Will Senegal be bowled over by big projects?

Senegal has witnessed a flurry of inaugurations of ambitious, big-budget projects in the last few months, including a new train line, a new bridge and the imposing Museum of Black Civilisations.

Happily snipping the ribbons has been President Macky Sall, who is seeking a second term in office, in elections on Sunday.

“I will be voting for the first time and my choice is Macky Sall,” said Mouhamad Thiam speaking to the BBC at a campaign rally in support of the president in the town of Kaolack, about 225km (140 miles) east of the capital, Dakar.

“I think his record is positive, his programme is positive, his accomplishments are positive.”

But while the 57-year-old, who has been in office since 2012, is lauded by some for pulling off these schemes, many of which were initiated by his predecessors, others are more cynical about a more general lack of development.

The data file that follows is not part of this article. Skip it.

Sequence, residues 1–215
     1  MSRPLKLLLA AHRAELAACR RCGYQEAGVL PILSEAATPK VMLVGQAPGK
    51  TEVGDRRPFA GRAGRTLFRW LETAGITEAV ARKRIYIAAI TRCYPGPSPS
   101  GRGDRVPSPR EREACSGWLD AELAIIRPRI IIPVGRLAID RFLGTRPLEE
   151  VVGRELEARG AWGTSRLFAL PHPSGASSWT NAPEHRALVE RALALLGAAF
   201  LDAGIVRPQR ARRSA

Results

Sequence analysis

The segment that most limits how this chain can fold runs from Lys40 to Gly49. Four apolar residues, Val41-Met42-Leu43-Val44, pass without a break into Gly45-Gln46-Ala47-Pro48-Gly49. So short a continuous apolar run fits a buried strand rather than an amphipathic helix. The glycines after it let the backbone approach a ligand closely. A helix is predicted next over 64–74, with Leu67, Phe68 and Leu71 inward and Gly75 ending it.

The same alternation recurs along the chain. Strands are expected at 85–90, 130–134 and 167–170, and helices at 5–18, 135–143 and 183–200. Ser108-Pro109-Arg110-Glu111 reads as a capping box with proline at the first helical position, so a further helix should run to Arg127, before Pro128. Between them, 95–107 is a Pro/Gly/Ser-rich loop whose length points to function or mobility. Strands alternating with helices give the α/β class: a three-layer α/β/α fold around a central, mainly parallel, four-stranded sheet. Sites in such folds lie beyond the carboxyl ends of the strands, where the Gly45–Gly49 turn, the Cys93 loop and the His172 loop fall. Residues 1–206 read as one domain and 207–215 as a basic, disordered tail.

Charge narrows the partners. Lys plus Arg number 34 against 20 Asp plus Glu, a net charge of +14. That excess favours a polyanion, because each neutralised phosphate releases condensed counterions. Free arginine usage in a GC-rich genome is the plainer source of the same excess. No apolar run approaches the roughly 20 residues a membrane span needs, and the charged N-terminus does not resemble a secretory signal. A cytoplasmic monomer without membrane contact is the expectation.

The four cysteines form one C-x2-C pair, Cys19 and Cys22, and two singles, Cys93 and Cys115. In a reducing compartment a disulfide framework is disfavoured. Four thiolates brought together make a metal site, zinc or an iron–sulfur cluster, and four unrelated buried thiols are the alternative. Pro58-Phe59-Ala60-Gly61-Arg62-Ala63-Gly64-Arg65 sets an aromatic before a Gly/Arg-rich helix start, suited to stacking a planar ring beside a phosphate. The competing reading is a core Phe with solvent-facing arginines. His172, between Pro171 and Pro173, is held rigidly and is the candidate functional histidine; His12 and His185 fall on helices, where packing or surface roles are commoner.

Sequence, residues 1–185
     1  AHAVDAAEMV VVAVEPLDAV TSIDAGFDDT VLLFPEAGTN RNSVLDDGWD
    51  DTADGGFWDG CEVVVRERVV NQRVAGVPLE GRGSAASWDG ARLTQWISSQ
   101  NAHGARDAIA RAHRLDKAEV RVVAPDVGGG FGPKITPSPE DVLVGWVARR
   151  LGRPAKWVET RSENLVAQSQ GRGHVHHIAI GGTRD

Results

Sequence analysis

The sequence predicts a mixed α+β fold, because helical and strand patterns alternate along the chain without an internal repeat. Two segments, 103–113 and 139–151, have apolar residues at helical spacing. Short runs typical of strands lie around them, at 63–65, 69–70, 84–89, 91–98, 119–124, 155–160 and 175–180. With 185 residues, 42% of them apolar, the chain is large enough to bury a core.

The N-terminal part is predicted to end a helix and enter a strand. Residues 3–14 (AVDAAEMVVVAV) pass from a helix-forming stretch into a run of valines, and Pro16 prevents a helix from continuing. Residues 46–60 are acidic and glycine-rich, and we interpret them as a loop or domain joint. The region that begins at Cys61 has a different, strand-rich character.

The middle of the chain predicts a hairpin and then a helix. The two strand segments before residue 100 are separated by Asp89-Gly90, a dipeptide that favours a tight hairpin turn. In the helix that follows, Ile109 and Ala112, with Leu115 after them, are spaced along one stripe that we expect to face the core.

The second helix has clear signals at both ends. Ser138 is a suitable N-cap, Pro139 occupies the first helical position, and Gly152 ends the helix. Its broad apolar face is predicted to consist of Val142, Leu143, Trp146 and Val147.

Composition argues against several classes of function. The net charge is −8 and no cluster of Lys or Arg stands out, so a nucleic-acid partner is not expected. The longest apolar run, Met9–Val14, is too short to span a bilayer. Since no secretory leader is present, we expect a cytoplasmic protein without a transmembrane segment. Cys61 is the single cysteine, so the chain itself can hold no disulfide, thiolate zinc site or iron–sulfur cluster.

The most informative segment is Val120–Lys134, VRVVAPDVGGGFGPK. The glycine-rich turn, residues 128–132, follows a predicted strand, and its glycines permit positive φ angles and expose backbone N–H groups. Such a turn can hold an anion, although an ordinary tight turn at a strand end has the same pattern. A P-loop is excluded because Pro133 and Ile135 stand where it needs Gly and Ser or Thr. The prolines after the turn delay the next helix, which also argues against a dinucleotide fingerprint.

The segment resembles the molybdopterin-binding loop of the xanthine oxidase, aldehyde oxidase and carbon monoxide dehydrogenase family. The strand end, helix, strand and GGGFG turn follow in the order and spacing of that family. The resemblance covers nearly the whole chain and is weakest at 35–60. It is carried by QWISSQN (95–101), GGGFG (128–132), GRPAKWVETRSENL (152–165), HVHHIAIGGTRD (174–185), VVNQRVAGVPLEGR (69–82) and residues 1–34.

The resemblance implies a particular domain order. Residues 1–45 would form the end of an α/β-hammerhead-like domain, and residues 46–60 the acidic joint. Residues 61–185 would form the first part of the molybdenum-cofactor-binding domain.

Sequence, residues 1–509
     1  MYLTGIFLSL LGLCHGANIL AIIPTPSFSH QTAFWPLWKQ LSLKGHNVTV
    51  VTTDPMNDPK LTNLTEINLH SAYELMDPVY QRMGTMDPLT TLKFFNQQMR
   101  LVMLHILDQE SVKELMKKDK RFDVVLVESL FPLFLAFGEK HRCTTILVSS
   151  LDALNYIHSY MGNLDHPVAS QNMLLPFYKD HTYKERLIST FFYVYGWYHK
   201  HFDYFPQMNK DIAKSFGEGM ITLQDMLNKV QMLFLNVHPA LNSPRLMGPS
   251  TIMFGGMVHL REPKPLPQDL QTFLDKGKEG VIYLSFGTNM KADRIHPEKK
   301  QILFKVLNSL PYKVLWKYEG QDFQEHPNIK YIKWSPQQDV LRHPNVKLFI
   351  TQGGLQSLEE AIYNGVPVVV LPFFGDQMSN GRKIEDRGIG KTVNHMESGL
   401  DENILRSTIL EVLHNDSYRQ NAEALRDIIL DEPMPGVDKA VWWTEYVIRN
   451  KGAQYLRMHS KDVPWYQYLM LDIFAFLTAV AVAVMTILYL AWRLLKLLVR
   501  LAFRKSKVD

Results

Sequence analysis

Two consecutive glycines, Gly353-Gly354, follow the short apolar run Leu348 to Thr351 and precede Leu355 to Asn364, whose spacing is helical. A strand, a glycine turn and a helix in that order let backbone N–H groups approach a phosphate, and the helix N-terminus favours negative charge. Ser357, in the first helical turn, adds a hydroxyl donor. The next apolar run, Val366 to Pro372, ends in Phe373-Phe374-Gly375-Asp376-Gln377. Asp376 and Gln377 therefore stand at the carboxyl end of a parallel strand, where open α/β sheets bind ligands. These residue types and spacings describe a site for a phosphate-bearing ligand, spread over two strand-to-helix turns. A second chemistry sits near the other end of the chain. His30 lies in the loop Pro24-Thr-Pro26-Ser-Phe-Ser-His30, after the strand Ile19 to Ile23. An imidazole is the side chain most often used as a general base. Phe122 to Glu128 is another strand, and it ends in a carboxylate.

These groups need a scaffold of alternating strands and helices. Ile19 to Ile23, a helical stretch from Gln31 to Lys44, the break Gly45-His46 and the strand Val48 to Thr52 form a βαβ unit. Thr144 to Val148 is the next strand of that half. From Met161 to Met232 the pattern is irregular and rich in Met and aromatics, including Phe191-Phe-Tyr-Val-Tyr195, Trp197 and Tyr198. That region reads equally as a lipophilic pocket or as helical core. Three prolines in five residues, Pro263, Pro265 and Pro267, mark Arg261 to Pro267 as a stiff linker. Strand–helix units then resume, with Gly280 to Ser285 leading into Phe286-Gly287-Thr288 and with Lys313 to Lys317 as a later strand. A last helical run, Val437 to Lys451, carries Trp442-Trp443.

These frustrations, and concerns that the electoral process is flawed, mean the incumbent may be surprised to see himself voted out of office.

In a country where nearly half the population lives below the poverty line, many struggle to see how Mr Sall has improved their daily lives.

“These projects have no importance, it’s all politics,” said Mamadou Senghor, a motorbike taxi driver in Kaolack.

“What’s the point of building highways with tolls if young people don’t have work to pay for them?

“Before building highways, you have to industrialise the economy so that young people can find jobs and support their families.”

More than 6.6 million people are registered to vote in these elections, and who young people decide to support could have a significant impact, as the average age in the country is 19.

Senegal, where there have been three peaceful transitions of power since independence in 1960, has long been seen as a model of stability in the continent.

But a number of politicians and human rights groups have raised concerns ahead of this vote.

“Senegal is definitely not a model,” says Oumar Touré, also known as “Thiat”, who is a well-known rapper and activist in the country.

“Macky Sall has made our country regress democratically.”

Many have criticised the Constitutional Council’s decision to bar two main opposition candidates from running.

Both Khalifa Sall, the popular former mayor of Dakar, and Karim Wade, the son of the former president, were deemed ineligible to run because of corruption convictions. -BBC

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